Catholic cardinals are beginning talks ahead of a conclave to elect the next pope, following Pope Benedict's historic resignation.
Benedict XVI, who has the new title "pope emeritus", announced his resignation in February, saying at 85 he no longer had the mental and physical strength to cope with the demands of his ministry.
The German-born pontiff led the Church for nearly eight years and is the first pope to abdicate since Gregory XII in 1415.
The cardinals will gather without a British cardinal who has admitted to sexual misconduct with priests. Scotland's Keith O'Brien recused himself in February after allegations dating back to the 1980s surfaced, AFP reports.
The Vatican meetings, known as "general congregations", will set the date for the start of the conclave and help identify candidates to be leader of the world's 1.2 billion Catholics.
The Vatican is now expecting 115 "cardinal electors" to attend the conclave.
The field for next pope remains wide open, with possible candidates from every corner of the world and from progressive and traditionalist wings of the Church.
The pre-conclave meetings, which are expected to last for most of the week, are also a way to identify what the priorities for the next pope should be.
Benedict's eight-year pontificate was often overshadowed by Vatican intrigue and scandals in Europe and North America over sexual abuse by pedophile priests going back decades and the cover-up of those crimes by senior prelates.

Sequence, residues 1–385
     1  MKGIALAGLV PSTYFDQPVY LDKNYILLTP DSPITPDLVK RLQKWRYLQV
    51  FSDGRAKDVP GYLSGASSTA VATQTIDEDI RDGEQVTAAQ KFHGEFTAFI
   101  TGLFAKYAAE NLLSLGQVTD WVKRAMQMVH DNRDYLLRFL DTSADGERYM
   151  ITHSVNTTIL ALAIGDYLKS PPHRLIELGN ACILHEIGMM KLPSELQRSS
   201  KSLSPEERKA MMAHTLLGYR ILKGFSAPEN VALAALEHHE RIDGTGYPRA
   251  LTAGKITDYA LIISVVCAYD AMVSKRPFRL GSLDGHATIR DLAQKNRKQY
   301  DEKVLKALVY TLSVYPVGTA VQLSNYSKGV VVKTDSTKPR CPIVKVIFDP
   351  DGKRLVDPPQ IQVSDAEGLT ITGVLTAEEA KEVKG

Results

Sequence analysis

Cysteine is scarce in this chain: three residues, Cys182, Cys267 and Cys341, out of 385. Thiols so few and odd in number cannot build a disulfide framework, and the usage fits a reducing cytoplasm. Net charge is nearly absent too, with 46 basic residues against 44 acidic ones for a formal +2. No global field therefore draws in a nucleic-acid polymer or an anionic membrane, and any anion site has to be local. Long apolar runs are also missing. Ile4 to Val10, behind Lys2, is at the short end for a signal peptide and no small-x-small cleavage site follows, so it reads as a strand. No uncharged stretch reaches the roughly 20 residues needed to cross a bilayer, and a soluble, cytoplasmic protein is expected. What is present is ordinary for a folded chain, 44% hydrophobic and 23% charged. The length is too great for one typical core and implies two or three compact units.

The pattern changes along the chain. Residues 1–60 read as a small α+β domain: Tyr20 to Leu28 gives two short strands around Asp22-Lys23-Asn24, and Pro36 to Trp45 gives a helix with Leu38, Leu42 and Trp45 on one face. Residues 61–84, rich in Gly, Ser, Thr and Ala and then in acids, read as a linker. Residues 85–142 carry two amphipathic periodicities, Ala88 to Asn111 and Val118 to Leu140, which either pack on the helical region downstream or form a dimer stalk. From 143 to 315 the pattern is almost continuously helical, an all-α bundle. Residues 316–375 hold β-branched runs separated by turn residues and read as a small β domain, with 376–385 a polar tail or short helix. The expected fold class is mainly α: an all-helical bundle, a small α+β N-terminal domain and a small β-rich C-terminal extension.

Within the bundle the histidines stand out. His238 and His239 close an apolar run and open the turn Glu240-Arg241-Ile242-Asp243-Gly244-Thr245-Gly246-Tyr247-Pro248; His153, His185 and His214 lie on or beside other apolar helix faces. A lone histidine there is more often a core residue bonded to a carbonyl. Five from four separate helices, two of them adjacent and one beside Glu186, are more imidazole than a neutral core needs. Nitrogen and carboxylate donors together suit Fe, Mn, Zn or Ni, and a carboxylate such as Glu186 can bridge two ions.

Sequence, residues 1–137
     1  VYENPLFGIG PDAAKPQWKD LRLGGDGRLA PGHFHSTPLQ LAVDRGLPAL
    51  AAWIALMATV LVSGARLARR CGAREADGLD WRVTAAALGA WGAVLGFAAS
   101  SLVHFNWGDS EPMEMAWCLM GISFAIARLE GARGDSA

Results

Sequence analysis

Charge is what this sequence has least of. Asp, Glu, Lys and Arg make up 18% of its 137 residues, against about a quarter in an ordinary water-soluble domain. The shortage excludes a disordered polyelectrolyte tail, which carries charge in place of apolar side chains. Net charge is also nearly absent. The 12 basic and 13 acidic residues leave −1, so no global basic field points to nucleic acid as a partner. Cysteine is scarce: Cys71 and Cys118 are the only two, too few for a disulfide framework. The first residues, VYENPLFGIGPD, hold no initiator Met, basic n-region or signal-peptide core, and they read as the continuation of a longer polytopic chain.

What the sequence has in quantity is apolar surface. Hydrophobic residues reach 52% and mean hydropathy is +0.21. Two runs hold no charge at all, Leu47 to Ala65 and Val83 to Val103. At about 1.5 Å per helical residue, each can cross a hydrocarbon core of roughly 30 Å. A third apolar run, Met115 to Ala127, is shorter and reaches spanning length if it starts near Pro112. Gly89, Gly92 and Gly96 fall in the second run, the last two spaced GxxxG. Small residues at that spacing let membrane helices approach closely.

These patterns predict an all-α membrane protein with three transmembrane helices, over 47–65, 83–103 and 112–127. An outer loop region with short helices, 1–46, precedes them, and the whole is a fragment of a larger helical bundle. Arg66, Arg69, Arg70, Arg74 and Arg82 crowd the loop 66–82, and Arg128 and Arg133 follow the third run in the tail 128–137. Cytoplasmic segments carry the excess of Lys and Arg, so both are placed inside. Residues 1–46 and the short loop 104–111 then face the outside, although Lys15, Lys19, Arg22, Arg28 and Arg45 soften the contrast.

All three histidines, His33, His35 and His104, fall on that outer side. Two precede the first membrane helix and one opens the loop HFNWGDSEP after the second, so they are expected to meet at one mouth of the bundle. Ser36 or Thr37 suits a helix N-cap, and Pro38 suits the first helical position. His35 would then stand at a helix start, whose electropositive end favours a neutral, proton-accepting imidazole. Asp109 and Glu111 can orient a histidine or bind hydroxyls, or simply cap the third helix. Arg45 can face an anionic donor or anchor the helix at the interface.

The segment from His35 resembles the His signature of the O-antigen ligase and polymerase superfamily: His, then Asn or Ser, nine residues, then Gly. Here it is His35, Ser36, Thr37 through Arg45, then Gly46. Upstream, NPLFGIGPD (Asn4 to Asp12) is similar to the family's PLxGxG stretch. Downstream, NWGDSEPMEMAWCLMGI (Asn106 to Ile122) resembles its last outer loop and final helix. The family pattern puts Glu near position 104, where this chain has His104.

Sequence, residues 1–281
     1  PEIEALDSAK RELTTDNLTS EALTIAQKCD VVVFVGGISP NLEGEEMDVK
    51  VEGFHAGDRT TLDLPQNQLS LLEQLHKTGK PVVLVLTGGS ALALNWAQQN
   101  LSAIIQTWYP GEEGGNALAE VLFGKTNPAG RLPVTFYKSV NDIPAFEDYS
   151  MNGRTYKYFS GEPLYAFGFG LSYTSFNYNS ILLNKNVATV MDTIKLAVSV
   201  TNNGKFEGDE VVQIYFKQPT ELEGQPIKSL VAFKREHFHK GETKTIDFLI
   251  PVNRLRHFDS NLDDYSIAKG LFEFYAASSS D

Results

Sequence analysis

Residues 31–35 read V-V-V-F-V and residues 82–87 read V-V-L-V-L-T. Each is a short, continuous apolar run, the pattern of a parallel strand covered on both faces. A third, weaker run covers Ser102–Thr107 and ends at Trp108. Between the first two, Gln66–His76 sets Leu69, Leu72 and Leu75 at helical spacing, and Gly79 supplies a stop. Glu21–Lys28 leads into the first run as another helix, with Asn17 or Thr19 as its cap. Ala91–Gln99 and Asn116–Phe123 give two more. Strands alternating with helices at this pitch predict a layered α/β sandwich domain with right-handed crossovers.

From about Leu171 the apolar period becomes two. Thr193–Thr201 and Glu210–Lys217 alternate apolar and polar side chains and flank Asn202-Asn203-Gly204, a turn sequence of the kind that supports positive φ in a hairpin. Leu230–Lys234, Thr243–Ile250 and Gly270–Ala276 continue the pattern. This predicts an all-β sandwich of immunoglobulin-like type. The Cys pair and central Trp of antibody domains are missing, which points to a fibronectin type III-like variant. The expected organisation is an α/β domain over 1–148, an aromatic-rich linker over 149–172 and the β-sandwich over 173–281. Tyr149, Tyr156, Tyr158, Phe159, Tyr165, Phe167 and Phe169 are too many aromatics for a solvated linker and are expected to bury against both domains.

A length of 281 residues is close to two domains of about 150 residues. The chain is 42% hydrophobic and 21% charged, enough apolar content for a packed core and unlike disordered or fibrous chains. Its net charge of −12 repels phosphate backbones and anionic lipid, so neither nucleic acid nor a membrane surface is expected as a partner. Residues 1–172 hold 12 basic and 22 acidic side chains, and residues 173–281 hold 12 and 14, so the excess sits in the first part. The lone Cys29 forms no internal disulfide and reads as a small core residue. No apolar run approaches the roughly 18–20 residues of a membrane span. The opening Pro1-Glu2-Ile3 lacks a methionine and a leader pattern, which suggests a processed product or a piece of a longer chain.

Church leaders are also concerned about issues such as priestly celibacy, treatment of gays, attitudes towards divorcees, the Catholic stance on contraception as well as inter-religious dialogue, particularly with Islam.
Benedict's effort to revive faith amid rising secularism is also crucial.
No date has yet been set for the election of the Church's 266th pope, although Italian media have mentioned next 11 March as a possibility.
The dean of the college of cardinals, Angelo Sodano, has stressed that the start date will not be set until all the "cardinal electors" are in Rome.
The profile of an ideal candidate for pope is beginning to come into focus as cardinals have their say - many would prefer a relatively youthful, pastoral figure who can help foster spiritual renewal, particularly among young people.